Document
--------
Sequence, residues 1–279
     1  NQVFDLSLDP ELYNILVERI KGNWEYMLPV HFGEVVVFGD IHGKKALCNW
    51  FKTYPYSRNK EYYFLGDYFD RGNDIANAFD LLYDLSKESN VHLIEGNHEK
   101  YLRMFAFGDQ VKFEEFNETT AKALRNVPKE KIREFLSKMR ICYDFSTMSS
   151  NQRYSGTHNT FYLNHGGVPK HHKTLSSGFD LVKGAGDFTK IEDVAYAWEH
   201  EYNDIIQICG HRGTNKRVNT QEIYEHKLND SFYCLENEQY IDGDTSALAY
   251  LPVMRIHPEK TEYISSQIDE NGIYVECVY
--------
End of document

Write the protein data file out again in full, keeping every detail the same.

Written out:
Sequence, residues 1–279
     1  NQVFDLSLDP ELYNILVERI KGNWEYMLPV HFGEVVVFGD IHGKKALCNW
    51  FKTYPYSRNK EYYFLGDYFD RGNDIANAFD LLYDLSKESN VHLIEGNHEK
   101  YLRMFAFGDQ VKFEEFNETT AKALRNVPKE KIREFLSKMR ICYDFSTMSS
   151  NQRYSGTHNT FYLNHGGVPK HHKTLSSGFD LVKGAGDFTK IEDVAYAWEH
   201  EYNDIIQICG HRGTNKRVNT QEIYEHKLND SFYCLENEQY IDGDTSALAY
   251  LPVMRIHPEK TEYISSQIDE NGIYVECVY